Bijgewerkt: 3 nov 2019
On 22 October I flew to London Gatwick airport for the second time at 7 a.m. and after a 15-minute taxi ride I arrived at Roffey Parc for the second conference of the academy for professional dialogue. This time even more excited, because I was allowed to discuss my paper with the participants that afternoon.
Once arrived I was so early that I could immediately join breakfast. Then we gathered in the big room and I saw that we were with less than last year. Of course a nice reunion with friends from last year, but also the possibility to meet new members from different corners of the world. Just like last year, home groups of 6 participants were made again. As a home group, you share experiences with each other after each paper session, so that you still get a picture of what was discussed with the other papers and what you learned from them. You have to choose from different meetings so that all paper discussions actually have enough people.
The distribution of the papers was as follows:
Dialogue in the Room (1st day)
Dialogue at School - Joop Boukes Dialogic Team Coaching in TAMK Proakatemia - Timo Nevalainen Bohm Dialogue as a Way to Support Adult Development - Marie-Ève Marchand Inquiry into Dialogue Facilitation - Mirja Hämäläinen and Kati Tikkamäki
Dialogic Intervention (2nd day)
Dialogic Intervention in a Volatile Organizational Takeover - Jane Ball Professional Dialogue As a Research Methodology - Peter Garrett Putting Dialogue to Work in the Virginia Department of Corrections - Harold Clarke and Whitney Barton Related paper from 2018 Dialogue and a Healing Environment in the Virginia Department of Corrections - Harold Clarke and Susan Williams
Dialogue for Systemic Change (3 day)
Trim-Tab Dialogues Transformative Vision and Action in South Asia - William Isaacs The Netherlands in Dialogue A Structural Approach to Dialogue Across Society - Olga Plokhooij Dialogue for Social Change A Practical Case Study - Ove D Jakobsen and Vivi ML Storsletten
In my paper I describe how I finally took up the plan of giving dialogue a place within education and at school when working with a dialogue with youngsters with a mild intellectual disability. A major ambition, certainly now that there is so much unrest in the educational country, but certainly necessary. The room was well filled and to my surprise everyone was very enthusiastic about what I was doing and how I did it. To be a bit embarrassed, because it is so natural and logical to me.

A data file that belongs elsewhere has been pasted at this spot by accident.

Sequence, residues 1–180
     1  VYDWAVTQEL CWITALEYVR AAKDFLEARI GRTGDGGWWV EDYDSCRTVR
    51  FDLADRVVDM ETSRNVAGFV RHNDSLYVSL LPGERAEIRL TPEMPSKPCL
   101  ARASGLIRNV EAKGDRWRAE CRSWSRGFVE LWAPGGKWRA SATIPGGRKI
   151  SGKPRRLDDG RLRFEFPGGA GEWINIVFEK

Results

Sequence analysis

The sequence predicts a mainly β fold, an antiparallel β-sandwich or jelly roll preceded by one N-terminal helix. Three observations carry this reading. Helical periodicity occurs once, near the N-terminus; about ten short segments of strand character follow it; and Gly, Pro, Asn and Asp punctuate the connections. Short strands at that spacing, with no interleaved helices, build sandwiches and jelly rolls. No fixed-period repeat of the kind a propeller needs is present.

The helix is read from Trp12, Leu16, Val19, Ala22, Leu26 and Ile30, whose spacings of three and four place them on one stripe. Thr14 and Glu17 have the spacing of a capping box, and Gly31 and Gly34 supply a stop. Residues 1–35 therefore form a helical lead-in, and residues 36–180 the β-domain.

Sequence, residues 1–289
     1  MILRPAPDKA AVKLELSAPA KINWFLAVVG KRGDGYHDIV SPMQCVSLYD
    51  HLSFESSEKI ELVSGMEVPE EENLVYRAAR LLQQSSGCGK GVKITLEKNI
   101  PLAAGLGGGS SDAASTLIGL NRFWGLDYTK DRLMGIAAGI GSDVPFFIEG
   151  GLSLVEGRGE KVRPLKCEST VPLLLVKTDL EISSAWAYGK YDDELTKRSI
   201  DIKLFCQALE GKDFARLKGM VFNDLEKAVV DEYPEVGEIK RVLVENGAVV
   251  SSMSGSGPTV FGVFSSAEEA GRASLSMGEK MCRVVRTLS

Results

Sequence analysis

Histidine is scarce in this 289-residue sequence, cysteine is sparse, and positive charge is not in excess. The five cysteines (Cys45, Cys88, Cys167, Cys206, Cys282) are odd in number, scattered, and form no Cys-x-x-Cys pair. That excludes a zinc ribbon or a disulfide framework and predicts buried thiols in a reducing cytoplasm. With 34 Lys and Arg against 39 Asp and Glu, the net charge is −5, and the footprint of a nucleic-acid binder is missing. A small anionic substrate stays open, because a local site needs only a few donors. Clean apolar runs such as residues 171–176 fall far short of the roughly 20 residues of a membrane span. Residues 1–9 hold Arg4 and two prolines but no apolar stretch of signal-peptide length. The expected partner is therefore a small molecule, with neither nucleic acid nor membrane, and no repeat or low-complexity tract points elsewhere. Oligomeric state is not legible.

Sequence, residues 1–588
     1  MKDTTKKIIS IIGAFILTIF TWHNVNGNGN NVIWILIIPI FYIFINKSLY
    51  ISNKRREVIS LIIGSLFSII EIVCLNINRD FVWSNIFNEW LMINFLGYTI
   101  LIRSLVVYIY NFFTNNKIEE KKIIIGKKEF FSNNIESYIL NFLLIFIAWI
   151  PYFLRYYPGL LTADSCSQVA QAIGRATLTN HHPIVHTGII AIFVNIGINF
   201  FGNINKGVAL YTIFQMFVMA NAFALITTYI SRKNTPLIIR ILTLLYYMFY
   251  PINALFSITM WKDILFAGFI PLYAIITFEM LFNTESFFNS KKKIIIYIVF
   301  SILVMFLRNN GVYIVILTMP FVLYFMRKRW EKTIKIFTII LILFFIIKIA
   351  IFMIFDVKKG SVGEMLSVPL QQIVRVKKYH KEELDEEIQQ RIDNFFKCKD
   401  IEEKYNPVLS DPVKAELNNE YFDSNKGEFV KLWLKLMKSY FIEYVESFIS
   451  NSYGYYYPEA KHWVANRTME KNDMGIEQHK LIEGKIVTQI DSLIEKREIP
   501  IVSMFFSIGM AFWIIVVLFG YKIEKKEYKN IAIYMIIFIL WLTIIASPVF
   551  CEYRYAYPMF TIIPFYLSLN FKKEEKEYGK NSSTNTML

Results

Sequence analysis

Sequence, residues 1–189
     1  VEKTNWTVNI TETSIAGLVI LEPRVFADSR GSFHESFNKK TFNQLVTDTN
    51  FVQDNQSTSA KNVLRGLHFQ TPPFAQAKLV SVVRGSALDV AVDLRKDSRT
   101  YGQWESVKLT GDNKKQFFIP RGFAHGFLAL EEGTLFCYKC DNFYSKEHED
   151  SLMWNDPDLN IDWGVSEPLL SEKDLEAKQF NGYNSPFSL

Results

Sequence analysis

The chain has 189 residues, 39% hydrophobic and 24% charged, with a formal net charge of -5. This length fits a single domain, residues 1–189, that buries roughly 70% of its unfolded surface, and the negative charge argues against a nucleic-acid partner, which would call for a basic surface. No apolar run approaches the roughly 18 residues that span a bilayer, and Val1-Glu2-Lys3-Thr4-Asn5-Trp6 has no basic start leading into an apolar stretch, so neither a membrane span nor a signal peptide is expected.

In the evening at dinner and later with a drink there is still much talk and I could also hear what the other papers of Tim and Marie-Eve had been like. Also later in the first evening we came together with a small group for the research of Mirja and Kati, who wanted to know more about experiences with the practical side of dialogue. Then to bed on time, because to catch the flight at 7 am I got up at 4 am.
The second day again a number of plenary sessions and in the afternoon I visited the presentation of Jane Ball about Dialogic Intervention in a Volatile Organizational Takeover. It is fascinating to hear how you can also use dialogue in such an exciting and stressful situation.
The third day, in addition to the well-known plenary sessions and that of the home groups, I was at the presentation of Olga and Renate about the adventure of the Netherlands in Dialogue. It was great and what was done in advance, as a check-in, everyone indicated in their own language why he or she was present at this session. Not being able to understand, but being able to experience was a special introduction.
Looking back, a number of things have stayed with me. In addition to the incredibly fun and interesting encounters, the super care of the location and that of the organization, I again experienced the time pressure. Logical of course, because there is a program and you want to discuss as much as possible, but the speed makes it difficult for me. I would like to have a part of the day to really get into a deeper conversation with people. Find out why they do and think what they do and think. More research instead of sharing and responding to it.
One of William Isaacs' final remarks still keeps me busy. He said that doing the dialogue is only the tip of the iceberg and that first (or below) the inner work must be done to make dialogue possible. I see this reflected in my attempt to give dialogue a place in schools. The inner work mainly involves looking critically at your own thoughts, slowing down, listening differently, being able to put yourself in the perspective of the other and thinking from We instead of Me.
All in all a valuable day that has given even more energy to continue to give dialogue a place in schools.
Thanks for everyone who made these days possible. I will cherish them. Joop